By Maria Largey, Head of Financial Institutions, CDC Group
I recently attended the Making Finance Work for Women summit in Tanzania, which brought together hundreds of people to share ideas and discuss issues relating to financial inclusion for women. Here are three things I took away from the conference in Dar es Salaam.
1. People are committed to the cause
With 300 people from 30 countries across the world coming together for the summit, it’s clear to see that businesses, organisations and governments are committed to improving women’s financial inclusion.
Tanzania’s Vice President Samia Suluhu Hassan underlined this commitment by giving a passionate keynote speech on what initiatives the country is introducing to support women from low income groups. Whilst we know there is a very long way to go, the positive message she ended on resonated with people in the room: “We know that if women participate as equally in the economy as men, the global GDP can increase by a mammoth 12 trillion U.S. dollars by 2025”, the Vice President said. She was exactly right – we are all aware of the challenges but, more than anything, we are inspired by the opportunities.
2. We can learn from others
When you get people from so many different backgrounds together, there are great opportunities to learn from what others are doing. At the summit, it was interesting to hear how different organisations are supporting financial inclusion for women, none more so than the Visa Foundation, which announced a $20 million grant for Women’s World Banking (the event organisers) to improve women’s access to financial services in India, Mexico, Egypt and Nigeria.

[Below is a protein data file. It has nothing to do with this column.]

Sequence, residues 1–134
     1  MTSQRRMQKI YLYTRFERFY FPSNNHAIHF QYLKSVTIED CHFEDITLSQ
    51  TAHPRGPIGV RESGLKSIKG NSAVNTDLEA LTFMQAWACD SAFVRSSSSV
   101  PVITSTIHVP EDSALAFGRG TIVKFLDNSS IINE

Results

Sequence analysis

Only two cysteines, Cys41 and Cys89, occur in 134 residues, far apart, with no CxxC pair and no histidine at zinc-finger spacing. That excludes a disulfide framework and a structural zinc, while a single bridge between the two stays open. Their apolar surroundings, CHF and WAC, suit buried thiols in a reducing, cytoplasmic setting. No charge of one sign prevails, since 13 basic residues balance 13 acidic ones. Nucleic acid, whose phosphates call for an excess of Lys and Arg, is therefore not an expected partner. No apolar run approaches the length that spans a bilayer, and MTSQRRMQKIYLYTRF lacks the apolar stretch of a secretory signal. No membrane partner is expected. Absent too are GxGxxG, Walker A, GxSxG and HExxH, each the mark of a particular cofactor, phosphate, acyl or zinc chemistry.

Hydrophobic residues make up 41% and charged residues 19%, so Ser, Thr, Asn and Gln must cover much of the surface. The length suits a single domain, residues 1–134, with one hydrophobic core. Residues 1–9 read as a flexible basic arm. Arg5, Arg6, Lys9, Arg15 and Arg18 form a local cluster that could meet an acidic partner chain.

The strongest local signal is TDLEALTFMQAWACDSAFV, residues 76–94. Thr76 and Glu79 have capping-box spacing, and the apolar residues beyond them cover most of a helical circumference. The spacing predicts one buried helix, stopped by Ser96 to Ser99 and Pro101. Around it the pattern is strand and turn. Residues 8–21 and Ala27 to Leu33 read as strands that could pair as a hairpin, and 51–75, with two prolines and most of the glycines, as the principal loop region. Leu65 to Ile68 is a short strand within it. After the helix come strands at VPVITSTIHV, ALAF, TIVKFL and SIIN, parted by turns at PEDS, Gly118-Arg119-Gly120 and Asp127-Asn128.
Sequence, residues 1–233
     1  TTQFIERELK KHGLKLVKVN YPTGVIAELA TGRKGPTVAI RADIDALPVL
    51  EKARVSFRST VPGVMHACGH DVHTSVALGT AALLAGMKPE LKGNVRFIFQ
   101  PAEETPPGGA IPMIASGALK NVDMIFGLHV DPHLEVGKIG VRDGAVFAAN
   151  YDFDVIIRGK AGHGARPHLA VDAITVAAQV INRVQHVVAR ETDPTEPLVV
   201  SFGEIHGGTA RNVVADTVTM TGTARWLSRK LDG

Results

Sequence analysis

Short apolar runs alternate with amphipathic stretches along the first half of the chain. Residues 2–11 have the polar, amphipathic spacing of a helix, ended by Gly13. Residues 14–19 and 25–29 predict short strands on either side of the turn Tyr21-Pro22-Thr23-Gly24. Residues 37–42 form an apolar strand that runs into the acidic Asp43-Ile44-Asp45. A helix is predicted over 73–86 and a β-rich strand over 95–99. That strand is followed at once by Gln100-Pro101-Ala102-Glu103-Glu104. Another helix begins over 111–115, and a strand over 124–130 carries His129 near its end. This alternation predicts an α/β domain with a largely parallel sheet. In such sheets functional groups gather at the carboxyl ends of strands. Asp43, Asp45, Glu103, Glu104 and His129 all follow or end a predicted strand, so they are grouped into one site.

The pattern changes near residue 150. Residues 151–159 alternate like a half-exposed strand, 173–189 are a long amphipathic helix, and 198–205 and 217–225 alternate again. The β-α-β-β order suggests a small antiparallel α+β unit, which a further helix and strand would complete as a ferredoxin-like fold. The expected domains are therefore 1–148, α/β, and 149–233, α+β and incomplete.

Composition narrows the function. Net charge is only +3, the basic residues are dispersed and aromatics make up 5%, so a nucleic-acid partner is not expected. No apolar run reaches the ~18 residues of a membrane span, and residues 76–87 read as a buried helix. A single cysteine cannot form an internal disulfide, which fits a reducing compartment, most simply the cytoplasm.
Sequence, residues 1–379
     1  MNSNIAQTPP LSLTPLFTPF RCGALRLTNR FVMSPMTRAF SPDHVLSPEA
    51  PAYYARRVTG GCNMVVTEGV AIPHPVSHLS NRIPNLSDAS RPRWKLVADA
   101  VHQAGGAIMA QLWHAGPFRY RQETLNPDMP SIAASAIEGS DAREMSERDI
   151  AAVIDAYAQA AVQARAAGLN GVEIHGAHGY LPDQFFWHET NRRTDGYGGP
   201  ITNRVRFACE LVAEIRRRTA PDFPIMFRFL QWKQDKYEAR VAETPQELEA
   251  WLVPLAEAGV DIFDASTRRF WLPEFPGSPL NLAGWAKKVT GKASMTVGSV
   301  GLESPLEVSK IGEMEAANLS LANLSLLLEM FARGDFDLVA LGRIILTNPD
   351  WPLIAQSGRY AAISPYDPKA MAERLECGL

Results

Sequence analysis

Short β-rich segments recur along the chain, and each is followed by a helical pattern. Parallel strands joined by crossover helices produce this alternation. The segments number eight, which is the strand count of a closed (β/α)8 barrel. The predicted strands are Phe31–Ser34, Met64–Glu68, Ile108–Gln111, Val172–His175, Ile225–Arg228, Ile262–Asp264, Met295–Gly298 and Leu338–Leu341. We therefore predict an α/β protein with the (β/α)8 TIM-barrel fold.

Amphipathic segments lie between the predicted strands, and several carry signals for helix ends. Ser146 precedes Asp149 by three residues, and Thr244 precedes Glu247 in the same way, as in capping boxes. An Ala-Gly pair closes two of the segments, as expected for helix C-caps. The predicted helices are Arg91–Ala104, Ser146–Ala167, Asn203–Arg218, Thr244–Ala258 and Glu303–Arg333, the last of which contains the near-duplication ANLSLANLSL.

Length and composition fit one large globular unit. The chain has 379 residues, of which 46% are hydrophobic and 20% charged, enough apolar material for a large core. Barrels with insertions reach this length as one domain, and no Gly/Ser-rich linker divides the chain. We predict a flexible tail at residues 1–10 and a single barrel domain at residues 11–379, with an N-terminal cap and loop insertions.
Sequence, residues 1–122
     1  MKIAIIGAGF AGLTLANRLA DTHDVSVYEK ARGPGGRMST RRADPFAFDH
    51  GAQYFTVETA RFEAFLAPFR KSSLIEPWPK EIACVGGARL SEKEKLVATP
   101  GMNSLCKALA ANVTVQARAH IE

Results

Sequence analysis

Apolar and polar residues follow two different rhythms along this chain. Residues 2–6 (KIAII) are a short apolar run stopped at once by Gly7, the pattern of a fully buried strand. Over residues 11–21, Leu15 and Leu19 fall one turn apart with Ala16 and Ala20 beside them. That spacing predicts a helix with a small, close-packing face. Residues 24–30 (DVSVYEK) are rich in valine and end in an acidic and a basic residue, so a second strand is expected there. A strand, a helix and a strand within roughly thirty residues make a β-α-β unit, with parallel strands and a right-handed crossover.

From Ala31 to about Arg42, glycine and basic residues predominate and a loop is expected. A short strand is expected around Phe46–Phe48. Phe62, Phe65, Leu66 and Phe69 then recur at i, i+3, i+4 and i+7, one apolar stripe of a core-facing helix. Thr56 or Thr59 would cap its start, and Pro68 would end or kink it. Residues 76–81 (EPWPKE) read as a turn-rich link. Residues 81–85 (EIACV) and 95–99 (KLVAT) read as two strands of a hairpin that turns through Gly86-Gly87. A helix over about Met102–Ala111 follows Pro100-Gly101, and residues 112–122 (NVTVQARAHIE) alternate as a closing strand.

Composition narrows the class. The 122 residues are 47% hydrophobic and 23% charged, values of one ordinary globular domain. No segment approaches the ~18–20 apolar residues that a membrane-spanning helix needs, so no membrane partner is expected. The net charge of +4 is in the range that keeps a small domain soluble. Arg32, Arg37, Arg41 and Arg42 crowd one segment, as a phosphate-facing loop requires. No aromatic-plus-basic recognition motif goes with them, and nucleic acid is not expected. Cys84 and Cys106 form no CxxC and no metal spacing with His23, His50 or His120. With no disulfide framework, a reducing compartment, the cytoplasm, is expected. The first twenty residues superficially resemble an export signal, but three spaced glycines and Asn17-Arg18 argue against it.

We also heard some insightful views from people not (yet) working in the sector. One of the highlights of the two days for me was hearing from a group of girls from Tanzania about their experiences using youth bank accounts and how they’re helping their friends at school to save for their futures. It was a powerful reminder of the importance of financial inclusion and the impact it has on people’s lives – I’m sure some of them will be back onstage giving speeches at the summit in years to come.
3. The UK is doing more than ever before
While we were in Dar es Salaam, I was pleased to meet with the British High Commissioner to Tanzania, Sarah Cooke. Ms Cooke is incredibly supportive of initiatives to improve financial inclusion for women in Tanzania and it’s great to see such leadership on the issue.
CRDB Bank, one of our investee businesses in Tanzania, has introduced a programme aimed at unbanked women. The ‘Women Access to Finance Initiative’ provides affordable loans, totalling £8.5 million, and a financial literacy programme for female entrepreneurs in Tanzania.
At CDC, we’re always looking for ways we can work with the businesses we invest in to improve financial inclusion. Our time at the summit showed we are not alone – there are many people from likeminded organisations all around the world committed to making a positive impact.
CDC Group was a sponsor of the Making Finance Work for Women Summit.